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Moving into the reds, our first wine was a 2015 See Ya Later Ranch Pinot Noir. Nice and easy drinking with strawberry and cherry notes with just a hint of tobacco on the nose. Our second red was a 2014 Gamay Noir from Robin Ridge. Some fairly serious pepper notes on the nose along with coffee & dark chocolate on the palate. Last but not least was a 2013 Merlot from Hillside Winery. A little more tannic than expected for a Merlot, but good acid accompanied with blueberry notes.

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After the tasting, we just had enough time for a quick dip in the hot springs before the start of the festival.

As part of the VIP package we signed up for, we got early entry into the festival, meaning we were among the first 50 or so persons allowed into the tasting rooms. The festival was spread out among 5 different rooms throughout the resort in order to accommodate the nearly 60 BC wineries in attendance.

Our plan that night was to hit up the dozen or so “must visit” wineries on our list and then make our way around to some of the new wineries we had yet had a chance to experience.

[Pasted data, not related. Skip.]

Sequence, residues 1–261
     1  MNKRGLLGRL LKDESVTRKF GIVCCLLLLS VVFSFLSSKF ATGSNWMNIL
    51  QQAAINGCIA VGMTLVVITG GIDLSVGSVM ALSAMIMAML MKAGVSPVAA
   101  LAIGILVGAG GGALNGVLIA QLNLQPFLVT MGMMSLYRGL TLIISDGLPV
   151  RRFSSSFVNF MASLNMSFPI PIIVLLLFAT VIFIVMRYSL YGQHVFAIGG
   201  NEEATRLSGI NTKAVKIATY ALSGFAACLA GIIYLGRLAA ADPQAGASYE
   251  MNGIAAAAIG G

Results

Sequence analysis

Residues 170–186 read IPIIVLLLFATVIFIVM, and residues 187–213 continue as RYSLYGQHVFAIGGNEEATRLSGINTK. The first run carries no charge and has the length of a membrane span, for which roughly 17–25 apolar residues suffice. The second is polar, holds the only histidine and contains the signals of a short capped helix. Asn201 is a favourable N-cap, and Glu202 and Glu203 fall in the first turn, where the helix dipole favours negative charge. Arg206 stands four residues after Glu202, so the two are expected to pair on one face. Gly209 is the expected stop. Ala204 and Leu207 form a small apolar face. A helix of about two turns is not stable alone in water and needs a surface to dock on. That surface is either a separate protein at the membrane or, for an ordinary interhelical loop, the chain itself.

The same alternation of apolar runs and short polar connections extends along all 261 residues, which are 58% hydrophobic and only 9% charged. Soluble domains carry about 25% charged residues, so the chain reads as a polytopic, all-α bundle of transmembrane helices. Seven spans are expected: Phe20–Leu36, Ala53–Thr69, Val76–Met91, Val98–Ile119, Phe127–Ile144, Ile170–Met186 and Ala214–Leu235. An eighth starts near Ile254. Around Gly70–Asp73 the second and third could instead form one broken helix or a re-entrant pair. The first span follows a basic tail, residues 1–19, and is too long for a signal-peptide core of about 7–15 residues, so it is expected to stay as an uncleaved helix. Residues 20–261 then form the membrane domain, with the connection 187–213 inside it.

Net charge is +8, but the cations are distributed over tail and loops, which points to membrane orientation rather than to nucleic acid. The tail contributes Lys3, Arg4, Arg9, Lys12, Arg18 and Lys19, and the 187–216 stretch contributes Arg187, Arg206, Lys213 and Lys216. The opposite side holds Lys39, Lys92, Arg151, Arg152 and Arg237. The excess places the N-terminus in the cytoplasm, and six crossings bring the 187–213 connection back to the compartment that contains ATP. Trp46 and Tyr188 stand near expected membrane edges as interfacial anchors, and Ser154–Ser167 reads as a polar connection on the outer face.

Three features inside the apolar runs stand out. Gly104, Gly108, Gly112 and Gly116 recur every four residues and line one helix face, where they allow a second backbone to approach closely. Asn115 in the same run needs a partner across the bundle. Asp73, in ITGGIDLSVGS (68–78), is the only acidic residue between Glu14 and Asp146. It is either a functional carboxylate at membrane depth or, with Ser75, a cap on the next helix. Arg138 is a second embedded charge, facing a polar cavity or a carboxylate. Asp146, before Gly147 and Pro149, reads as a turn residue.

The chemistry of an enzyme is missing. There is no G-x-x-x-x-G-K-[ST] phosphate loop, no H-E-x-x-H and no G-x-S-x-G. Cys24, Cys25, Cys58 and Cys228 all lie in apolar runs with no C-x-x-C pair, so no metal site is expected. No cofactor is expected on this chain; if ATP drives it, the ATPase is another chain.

The event filled up quickly and within an hour it was getting difficult to get around, there were throngs of people at every turn. We did manage to visit all but one of our must visit entries. Sadly we weren’t able to make it to the Summerhill Pyramid winery booth.

We ran into a situation that can be quite common in these festivals, the “Gabber”. In this case, there was a group of about 6 people that insisted on trying every wine on the table and speaking at length with the person pouring about each one. We patiently waited for about 10 min to try and sample the wines before moving on.

Just before the festival started we were debating about whether to have something to eat before heading into the event and ultimately decided not too. Turned out that was the right decision, the appetizers for the event were amazing and by the end of the night, we were stuffed. We had our fill of mini fish & chips, prawn tempura, mini beef wellingtons, and copious amounts of fantastic cheese.

However, what impressed me the most about the food was the oyster bar. They had a chef shucking fresh Atlantic coast oysters and they were delicious. I even managed to persuade one of my festival companions to try one for the first time. He said he liked it but I don’t imagine he’ll be eating another one anytime soon.